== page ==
Using subplots and putting multiple plots in one figure can be very useful in summarizing a lot of information in a small space. They are helpful in making reports or presentations. This article will focus on how to use subplots efficiently and take fine control over the grids.

We will start with the basic subplot function to make equal size plots first. Let’s do the necessary imports:

%matplotlib inlineimport matplotlib.pyplot as plt

import numpy as np

import pandas as pd

Here is the basic subplots function in Matplotlib that makes two rows and three columns of equal-sized rectangular space:

`fig, ax = plt.subplots(2, 3, sharex = 'col', sharey = 'row', figsize = (9, 6))`

fig.tight_layout(pad =3.0)

The ‘sharex’ parameter makes the plots in the same column have the same x-axis and setting the ‘sharey’ parameter to ‘row’ makes the plots in the same row share the same y-axis. That’s why there are x and y-axis values in the outer layer only. Sharing the axis can have its advantage and disadvantage. We will talk about it again later.

How to access a plot in this array of plots?

These rectangles are stored in a two-dimensional array. Let’s print out the ‘ax’:

`ax`

Output:

`array([[<AxesSubplot:>, <AxesSubplot:>, <AxesSubplot:>],`

[<AxesSubplot:>, <AxesSubplot:>, <AxesSubplot:>]], dtype=object)

It is clear from the output above that it’s actually a two-dimensional array. So accessing one element in it should take a nested for loop. Start by putting some text in each of the rectangles:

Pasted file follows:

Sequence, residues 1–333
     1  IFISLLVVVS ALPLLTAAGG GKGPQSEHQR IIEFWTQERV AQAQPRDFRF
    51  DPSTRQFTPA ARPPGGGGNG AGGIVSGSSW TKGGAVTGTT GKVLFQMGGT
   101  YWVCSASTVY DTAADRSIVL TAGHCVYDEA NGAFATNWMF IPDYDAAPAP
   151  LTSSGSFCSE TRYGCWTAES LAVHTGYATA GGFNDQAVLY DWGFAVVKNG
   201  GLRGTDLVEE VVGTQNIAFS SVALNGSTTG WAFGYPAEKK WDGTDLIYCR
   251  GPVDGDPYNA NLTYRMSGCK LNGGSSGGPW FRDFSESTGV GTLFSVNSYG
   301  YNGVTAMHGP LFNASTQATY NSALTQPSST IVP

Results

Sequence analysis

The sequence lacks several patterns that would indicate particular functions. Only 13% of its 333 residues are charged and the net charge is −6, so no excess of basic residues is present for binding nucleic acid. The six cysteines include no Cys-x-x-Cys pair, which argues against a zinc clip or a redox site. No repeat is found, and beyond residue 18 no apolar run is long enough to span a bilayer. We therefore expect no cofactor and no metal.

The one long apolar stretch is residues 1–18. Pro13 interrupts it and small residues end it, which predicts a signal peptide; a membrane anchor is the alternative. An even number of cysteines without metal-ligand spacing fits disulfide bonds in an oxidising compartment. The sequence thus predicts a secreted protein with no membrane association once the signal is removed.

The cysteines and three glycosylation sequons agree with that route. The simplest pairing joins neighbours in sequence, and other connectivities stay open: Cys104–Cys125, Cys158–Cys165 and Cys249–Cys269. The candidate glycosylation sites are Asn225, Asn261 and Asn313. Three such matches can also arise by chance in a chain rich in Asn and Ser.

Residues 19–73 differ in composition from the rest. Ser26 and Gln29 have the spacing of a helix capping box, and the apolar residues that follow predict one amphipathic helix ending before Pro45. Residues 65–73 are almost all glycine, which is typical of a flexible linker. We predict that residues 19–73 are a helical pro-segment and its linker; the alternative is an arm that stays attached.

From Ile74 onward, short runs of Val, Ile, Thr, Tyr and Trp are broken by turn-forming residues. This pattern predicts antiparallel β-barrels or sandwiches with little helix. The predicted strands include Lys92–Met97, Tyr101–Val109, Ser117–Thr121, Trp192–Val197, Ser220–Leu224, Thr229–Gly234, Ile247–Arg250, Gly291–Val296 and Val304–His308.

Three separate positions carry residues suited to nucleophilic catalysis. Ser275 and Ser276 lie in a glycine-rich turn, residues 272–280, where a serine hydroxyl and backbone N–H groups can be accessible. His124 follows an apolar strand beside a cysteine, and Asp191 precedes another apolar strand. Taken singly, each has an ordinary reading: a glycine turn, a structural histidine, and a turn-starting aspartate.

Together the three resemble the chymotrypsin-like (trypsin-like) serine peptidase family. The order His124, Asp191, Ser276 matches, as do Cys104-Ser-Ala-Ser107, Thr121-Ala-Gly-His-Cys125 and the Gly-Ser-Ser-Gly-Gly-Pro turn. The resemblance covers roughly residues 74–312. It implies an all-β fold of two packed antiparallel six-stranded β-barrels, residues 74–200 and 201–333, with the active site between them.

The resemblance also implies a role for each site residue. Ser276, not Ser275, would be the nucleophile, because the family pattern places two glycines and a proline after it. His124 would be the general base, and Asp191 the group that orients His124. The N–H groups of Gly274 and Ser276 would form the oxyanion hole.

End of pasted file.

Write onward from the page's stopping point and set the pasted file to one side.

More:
fig, ax = plt.subplots(2, 3, sharex = 'col', sharey = 'row', figsize = (9, 6))

fig.tight_layout(pad = 2)for a in ax:

for b in a:

text = 'I am a plot'

b.annotate(text, (0.3, 0.45), fontsize = 12)

The main purpose is to put some real graphs and plots in those rectangles. I will do exactly that next. But for that, we need a dataset. **I will use this dataset**.

Please feel free to download the dataset and follow along.

Here I am importing a dataset using pandas:

`df = pd.read_csv('nhanes_2015_2016.csv')`

df.columns

Output:

`Index(['SEQN', 'ALQ101', 'ALQ110', 'ALQ130', 'SMQ020', 'RIAGENDR', 'RIDAGEYR', 'RIDRETH1', 'DMDCITZN', 'DMDEDUC2', 'DMDMARTL', 'DMDHHSIZ', 'WTINT2YR', 'SDMVPSU', 'SDMVSTRA', 'INDFMPIR', 'BPXSY1', 'BPXDI1', 'BPXSY2', 'BPXDI2', 'BMXWT', 'BMXHT', 'BMXBMI', 'BMXLEG', 'BMXARML', 'BMXARMC', 'BMXWAIST', 'HIQ210'], dtype='object')`

I will make a 2×3 array of plots again and set plots in the ‘ax’ elements. We will access each ‘ax’ element by indexing simply like a two-dimensional array.

So, here is how to access the ‘ax’ elements and set plots in them. I kept two slots empty for you. Please feel free to fill them up. My idea was to demonstrate how to do it.

fig, ax = plt.subplots(2, 3, figsize = (15, 10))

fig.tight_layout(pad = 2)ax[0, 0].scatter(df['BMXWT'], df['BMXHT'])

ax[1, 1].plot(df['BMXBMI'])

df['DMDHHSIZ'].hist(ax = ax[0, 2])

df.groupby('DMDEDUC2')['BPXSY1'].mean().plot(ax = ax[0, 1], kind='pie', colors = ['lightgreen', 'coral', 'pink', 'violet', 'skyblue'])

plt.show()